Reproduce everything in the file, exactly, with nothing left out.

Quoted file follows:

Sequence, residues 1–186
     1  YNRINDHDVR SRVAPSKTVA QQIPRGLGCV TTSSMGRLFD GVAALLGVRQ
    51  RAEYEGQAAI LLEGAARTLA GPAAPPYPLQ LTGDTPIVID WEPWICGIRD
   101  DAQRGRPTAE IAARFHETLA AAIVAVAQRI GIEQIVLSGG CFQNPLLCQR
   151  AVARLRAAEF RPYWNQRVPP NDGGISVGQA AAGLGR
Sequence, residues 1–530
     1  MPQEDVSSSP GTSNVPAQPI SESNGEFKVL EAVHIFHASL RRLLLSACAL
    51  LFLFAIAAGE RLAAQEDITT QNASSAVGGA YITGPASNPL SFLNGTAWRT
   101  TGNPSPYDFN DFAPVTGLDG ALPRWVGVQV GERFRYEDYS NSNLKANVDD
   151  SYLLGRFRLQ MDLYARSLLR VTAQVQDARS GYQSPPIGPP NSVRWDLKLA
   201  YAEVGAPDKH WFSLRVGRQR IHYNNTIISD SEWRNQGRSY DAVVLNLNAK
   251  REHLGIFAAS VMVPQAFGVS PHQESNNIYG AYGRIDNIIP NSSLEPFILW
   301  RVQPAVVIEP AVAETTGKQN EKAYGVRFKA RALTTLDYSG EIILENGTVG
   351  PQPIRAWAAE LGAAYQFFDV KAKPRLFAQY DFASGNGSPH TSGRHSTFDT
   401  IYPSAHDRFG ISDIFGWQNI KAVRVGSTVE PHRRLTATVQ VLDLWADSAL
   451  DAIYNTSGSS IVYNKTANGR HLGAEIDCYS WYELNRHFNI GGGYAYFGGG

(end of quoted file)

Sequence, residues 1–186
     1  YNRINDHDVR SRVAPSKTVA QQIPRGLGCV TTSSMGRLFD GVAALLGVRQ
    51  RAEYEGQAAI LLEGAARTLA GPAAPPYPLQ LTGDTPIVID WEPWICGIRD
   101  DAQRGRPTAE IAARFHETLA AAIVAVAQRI GIEQIVLSGG CFQNPLLCQR
   151  AVARLRAAEF RPYWNQRVPP NDGGISVGQA AAGLGR
Sequence, residues 1–530
     1  MPQEDVSSSP GTSNVPAQPI SESNGEFKVL EAVHIFHASL RRLLLSACAL
    51  LFLFAIAAGE RLAAQEDITT QNASSAVGGA YITGPASNPL SFLNGTAWRT
   101  TGNPSPYDFN DFAPVTGLDG ALPRWVGVQV GERFRYEDYS NSNLKANVDD
   151  SYLLGRFRLQ MDLYARSLLR VTAQVQDARS GYQSPPIGPP NSVRWDLKLA
   201  YAEVGAPDKH WFSLRVGRQR IHYNNTIISD SEWRNQGRSY DAVVLNLNAK
   251  REHLGIFAAS VMVPQAFGVS PHQESNNIYG AYGRIDNIIP NSSLEPFILW
   301  RVQPAVVIEP AVAETTGKQN EKAYGVRFKA RALTTLDYSG EIILENGTVG
   351  PQPIRAWAAE LGAAYQFFDV KAKPRLFAQY DFASGNGSPH TSGRHSTFDT
   401  IYPSAHDRFG ISDIFGWQNI KAVRVGSTVE PHRRLTATVQ VLDLWADSAL
   451  DAIYNTSGSS IVYNKTANGR HLGAEIDCYS WYELNRHFNI GGGYAYFGGG